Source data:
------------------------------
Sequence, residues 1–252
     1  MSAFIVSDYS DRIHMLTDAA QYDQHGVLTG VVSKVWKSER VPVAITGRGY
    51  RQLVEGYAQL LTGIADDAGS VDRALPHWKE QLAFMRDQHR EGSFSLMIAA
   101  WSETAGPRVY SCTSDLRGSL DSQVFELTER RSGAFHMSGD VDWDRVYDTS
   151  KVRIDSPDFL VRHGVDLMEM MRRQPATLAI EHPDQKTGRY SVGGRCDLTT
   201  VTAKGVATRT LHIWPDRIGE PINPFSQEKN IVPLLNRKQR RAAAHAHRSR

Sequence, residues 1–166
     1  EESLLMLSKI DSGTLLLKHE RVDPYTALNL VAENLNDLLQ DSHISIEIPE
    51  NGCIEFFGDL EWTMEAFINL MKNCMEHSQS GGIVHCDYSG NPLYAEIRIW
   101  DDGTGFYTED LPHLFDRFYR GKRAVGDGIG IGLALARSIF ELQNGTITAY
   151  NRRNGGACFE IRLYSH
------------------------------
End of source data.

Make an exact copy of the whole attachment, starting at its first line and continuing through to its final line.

Sequence, residues 1–252
     1  MSAFIVSDYS DRIHMLTDAA QYDQHGVLTG VVSKVWKSER VPVAITGRGY
    51  RQLVEGYAQL LTGIADDAGS VDRALPHWKE QLAFMRDQHR EGSFSLMIAA
   101  WSETAGPRVY SCTSDLRGSL DSQVFELTER RSGAFHMSGD VDWDRVYDTS
   151  KVRIDSPDFL VRHGVDLMEM MRRQPATLAI EHPDQKTGRY SVGGRCDLTT
   201  VTAKGVATRT LHIWPDRIGE PINPFSQEKN IVPLLNRKQR RAAAHAHRSR

Sequence, residues 1–166
     1  EESLLMLSKI DSGTLLLKHE RVDPYTALNL VAENLNDLLQ DSHISIEIPE
    51  NGCIEFFGDL EWTMEAFINL MKNCMEHSQS GGIVHCDYSG NPLYAEIRIW
   101  DDGTGFYTED LPHLFDRFYR GKRAVGDGIG IGLALARSIF ELQNGTITAY
   151  NRRNGGACFE IRLYSH